Two weeks ago, I wrote an article detailing a future tasting room for Temecula-based Ironfire Brewing Company in that community’s commercial Old Town area. I also included a note about another project Ironfire’s ownership believed themselves to be involved with in Imperial Beach, a collaborative venue conceived for installation at 805 Ocean Lane. At the time, I was aware that San Diego’s Mike Hess Brewing was working on a project in IB, but unbeknownst to both myself and the owners of Ironfire, that venture will be located at the very same spot, thus nullifying a taste of Temecula in San Diego County. Today, MHB owner Mike Hess sent an official press release this afternoon outlining a future shared satellite for he and partner Gerry Torres of City Tacos.
Designed by OBR Architecture and projected to open in 2018, the Imperial Beach venue will encompass a two-story indoor bar with seating for 75 visitors, plus a communal outdoor patio capable of accommodating an additional 110 patrons, outfitted with fire pits and an assortment of common brewery-venue games such as cornhole and giant Jenga. Like the projects discussed by Ironfire, the 4,300-square-foot venue will be constructed out of repurposed and reconfigured shipping containers.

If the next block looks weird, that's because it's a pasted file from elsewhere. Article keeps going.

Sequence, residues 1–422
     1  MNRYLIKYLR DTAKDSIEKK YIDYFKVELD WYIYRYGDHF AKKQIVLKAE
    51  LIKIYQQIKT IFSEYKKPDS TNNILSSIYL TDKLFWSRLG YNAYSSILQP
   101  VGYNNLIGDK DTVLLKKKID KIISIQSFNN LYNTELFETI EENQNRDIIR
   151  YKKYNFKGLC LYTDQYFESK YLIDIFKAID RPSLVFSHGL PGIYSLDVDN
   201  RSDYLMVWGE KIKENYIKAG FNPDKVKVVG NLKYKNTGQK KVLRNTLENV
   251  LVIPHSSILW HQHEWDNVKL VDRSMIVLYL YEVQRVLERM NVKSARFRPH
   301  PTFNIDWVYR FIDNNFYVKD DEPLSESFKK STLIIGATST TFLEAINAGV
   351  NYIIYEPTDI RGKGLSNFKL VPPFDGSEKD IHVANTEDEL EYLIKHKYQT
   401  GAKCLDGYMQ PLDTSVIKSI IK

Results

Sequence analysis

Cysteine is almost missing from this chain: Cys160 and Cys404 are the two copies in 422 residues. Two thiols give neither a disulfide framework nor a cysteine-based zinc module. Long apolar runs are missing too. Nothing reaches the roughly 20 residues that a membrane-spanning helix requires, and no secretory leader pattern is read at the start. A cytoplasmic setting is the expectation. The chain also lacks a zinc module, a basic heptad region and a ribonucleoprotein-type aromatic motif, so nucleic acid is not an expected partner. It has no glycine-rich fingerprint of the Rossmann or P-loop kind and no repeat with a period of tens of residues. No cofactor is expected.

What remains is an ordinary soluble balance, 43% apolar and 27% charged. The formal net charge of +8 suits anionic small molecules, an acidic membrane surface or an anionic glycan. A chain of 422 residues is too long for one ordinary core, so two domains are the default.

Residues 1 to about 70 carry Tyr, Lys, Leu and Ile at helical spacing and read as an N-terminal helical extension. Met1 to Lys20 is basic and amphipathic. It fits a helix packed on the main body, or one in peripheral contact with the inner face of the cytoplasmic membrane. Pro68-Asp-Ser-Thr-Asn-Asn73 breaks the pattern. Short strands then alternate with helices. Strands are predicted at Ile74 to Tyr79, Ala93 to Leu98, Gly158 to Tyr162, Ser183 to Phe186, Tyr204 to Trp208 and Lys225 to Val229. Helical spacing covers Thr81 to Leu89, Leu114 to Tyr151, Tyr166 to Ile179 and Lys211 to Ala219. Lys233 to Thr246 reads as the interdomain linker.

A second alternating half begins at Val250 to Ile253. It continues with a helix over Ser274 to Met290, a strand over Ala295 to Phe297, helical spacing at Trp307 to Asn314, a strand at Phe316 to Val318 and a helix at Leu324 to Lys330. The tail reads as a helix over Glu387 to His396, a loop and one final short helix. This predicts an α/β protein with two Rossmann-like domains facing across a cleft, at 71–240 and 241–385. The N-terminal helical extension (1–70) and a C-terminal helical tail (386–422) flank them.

This will be MHB’s fourth location—it currently operates a full-scale brewery in North Park, smaller production facility in Miramar and satellite tasting room in Ocean Beach—and the first to include an on-site food component. City Tacos plans to roll out a menu that will include tacos, tostadas and “reimagined small plates found on rich culinary history”. The venue is expected to be open seven days a week.
In San Diego County, brewery-touring is such a popular activity that even businesses that are off the beaten path garner a good deal of traffic from fans who seek them out. While our neighbors to the north in Temecula enjoy a burgeoning beer scene as well, it has yet to progress to the point where citizens and visitors chart courses for far-off business parks. Though one of the municipality’s most popular fermentation operations, Ironfire Brewing Company receives zero walk- or drive-by patronage, but it has multiple plans to fix that, and they involve projects in both Riverside and San Diego Counties.